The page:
During these uncertain times, Jardan Doneghy has decided to release her control on life and follow whatever path presents itself. The current path she is following has led her back to the home where she grew up.
“I have released my sense of control,” Doneghy said. “If I can just be my best self, what’s supposed to happen is going to happen. All I have to do is play my role.”
At the start of the COVID-19 pandemic, Doneghy moved back to Frankfort from Atlanta, Georgia, to quarantine her mother, Marjorie Willis.
With her mother having her art studio, Duncan Designs, in Doneghy’s childhood home — which was also the home her mother grew up in at 317 Third St. — Doneghy decided to set up shop in the house.
As her mother worked on pour paintings in the back room, Doneghy grabbed her acrylics and went to work in the front room of the house.
“She laid the foundation and had the environment here,” she said.
After 37 days into quarantine, Doneghy started to have a collection of paintings she called “Quarantine Dreams.”
After 112 days of quarantine, she launched her studio “Wild Sassaby.”
The name “Wild Sassaby” is what Doneghy named the first painting she created when she was 6 years old.
“It was abstract,” she said. “It didn’t mean anything at the time, but now it means the sense of dreaming and exploration,” which was something she yearned to get back to before the start of the pandemic.
Doneghy graduated from Frankfort High School in 2004. She attended Florida A&M and got a degree in business and graphic design. She then went to graduate school at Florida State and obtained a degree in integrated marketing communications.
In 2011, she went to work for Delta as a contractor, managing the company’s west coast creative communications.
“I was doing exactly what I set out to do,” Doneghy said. “I did a lot of research, focus groups, strategic conversations. I got to mix that business degree with the creative advertising side.”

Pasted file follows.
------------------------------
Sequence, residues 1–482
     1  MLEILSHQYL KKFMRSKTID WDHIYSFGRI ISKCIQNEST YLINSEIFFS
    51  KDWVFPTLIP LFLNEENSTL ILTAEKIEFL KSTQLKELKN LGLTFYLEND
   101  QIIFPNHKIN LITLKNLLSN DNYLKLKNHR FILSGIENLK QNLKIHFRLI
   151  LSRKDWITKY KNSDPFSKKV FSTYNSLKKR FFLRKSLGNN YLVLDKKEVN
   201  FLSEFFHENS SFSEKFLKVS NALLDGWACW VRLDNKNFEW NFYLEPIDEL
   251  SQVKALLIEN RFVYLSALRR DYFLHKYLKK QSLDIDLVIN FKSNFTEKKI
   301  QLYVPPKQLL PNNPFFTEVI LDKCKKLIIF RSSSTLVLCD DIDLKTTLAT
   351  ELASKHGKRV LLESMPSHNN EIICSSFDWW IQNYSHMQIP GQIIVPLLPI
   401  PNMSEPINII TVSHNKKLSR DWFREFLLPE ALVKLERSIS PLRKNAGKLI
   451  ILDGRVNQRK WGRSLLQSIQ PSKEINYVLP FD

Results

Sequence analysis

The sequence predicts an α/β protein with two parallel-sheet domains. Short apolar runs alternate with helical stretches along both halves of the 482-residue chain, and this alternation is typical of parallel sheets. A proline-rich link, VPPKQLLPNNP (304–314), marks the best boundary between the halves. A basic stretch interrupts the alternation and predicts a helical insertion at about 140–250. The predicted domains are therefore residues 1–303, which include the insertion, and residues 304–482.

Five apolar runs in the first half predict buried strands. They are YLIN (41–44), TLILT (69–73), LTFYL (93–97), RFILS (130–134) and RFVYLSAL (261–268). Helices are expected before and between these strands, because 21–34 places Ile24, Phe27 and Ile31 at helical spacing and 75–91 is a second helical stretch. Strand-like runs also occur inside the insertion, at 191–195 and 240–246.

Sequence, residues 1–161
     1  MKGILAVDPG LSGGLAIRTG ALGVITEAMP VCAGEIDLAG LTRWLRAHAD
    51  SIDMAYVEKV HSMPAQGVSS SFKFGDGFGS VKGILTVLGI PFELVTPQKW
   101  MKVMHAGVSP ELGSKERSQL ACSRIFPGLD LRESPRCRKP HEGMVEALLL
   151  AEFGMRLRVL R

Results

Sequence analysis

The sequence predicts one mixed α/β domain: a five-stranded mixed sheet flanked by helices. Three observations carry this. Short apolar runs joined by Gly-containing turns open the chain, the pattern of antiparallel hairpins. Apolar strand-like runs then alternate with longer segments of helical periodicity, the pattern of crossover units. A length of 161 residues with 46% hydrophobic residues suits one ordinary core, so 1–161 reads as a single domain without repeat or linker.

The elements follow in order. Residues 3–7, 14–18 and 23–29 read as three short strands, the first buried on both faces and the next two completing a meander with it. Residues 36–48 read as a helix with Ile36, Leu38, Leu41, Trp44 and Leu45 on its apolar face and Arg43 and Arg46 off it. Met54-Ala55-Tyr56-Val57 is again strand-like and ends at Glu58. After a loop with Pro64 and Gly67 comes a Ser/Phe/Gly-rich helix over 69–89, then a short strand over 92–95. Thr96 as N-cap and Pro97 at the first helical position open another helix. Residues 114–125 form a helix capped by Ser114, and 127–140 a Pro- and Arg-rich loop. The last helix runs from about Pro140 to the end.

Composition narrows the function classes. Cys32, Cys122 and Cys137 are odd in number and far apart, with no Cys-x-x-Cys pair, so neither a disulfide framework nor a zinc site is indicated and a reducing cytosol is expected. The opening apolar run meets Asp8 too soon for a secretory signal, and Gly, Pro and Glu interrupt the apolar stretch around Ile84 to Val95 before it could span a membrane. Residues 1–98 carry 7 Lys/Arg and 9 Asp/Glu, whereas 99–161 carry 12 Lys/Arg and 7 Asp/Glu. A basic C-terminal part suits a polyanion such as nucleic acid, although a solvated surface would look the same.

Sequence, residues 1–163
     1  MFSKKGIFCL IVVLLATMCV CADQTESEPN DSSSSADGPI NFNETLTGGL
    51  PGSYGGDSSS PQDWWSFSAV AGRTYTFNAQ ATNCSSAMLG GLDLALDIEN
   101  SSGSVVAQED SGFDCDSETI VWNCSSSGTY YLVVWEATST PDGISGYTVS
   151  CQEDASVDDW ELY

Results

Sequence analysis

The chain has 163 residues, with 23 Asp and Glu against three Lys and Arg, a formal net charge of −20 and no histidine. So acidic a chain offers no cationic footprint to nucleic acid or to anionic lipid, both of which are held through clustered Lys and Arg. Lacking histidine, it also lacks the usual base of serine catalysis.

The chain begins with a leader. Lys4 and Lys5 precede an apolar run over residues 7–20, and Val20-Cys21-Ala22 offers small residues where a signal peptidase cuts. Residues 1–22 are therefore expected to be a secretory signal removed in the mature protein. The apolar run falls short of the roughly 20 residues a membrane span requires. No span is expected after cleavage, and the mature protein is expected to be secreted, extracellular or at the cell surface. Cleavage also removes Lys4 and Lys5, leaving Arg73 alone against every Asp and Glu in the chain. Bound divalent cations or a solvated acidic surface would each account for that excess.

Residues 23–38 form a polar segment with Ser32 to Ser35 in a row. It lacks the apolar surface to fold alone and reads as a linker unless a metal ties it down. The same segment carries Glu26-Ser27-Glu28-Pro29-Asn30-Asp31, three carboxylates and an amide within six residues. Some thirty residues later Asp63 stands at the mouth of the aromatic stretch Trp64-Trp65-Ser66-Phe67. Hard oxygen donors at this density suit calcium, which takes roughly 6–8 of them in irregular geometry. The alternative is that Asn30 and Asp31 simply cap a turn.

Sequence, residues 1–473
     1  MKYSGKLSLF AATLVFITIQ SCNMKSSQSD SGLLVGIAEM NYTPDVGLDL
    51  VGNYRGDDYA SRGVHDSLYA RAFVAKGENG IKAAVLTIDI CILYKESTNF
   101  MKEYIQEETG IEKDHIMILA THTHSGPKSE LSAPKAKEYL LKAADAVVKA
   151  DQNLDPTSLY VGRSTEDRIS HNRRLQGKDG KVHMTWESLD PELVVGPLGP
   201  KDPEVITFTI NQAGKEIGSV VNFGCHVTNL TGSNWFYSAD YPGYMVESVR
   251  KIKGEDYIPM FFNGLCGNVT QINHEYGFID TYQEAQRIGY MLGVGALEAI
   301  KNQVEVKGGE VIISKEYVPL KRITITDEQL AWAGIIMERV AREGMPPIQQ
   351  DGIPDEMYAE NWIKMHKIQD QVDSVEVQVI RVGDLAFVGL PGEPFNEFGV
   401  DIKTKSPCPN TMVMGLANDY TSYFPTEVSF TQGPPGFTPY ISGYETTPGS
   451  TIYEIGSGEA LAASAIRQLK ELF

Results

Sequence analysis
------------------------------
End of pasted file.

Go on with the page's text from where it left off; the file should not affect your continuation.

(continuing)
However, in 2017, Doneghy began to feel like she was hitting a glass ceiling, and her yearning to appease her 80-year-old self began to set in.
“When I’m 80, I want to feel like I truly lived my purpose,” she said. “I want to feel at the end of my life I can look and see an imprint I’ve made and have something to show for it. I want to help others pursue their story as well.”
She started to “toil the soil” and got into photography. She started a fashion blog and even became an Instagram influencer for Bloomingdale’s.
Doneghy kept exploring her creative self, and when the pandemic hit, it was the perfect time to get back to her roots in Frankfort. She launched “Wild Sassaby” on July 8 and turned in her resignation to Delta that same day.
“I want Wild Sassaby to turn into a brand of black girl bravery,” she said. “It’s for anyone who has dreams, and I can help support them on their journey.”
Doneghy launched the website with 15 paintings and sold out of them in 28 days. She shipped her paintings all over, including Arizona, California, Ice Land, New Jersey, Texas and Georgia.
Her paintings have a graphic aesthetic, with bold lines, colors and gradients.
“I use bright colors, which symbolizes optimism,” she said.
Doneghy is currently selling prints of her work on her website, while she works on her next collection “Quarantine Dreams: Reloaded.” She has also started her third collection of floral paintings, called “Bloom where you’re planted.”
Doneghy hopes to expand her art into home décor and greeting cards. She also wants to become a creative confidence coach.
“I still have a lot to teach from the branding and marketing side. Like, how to launch your creative business,” she said. “I don’t want to just be a painter. I want to be a designer and a creative expert and share that with others.”
Through her work, Doneghy is hoping to send a message to the younger black generation in her community.
“I need to serve a bigger purpose — to get the younger generation to expand their thought process,” she said. “I want to inspire people to dream bigger.
“Coming from the black community, we have had a lot of struggles, but there is no better time than now. My message is that your battles have already been fought for you and you stand at the threshold of opportunity. All you have to do is walk through the doors.”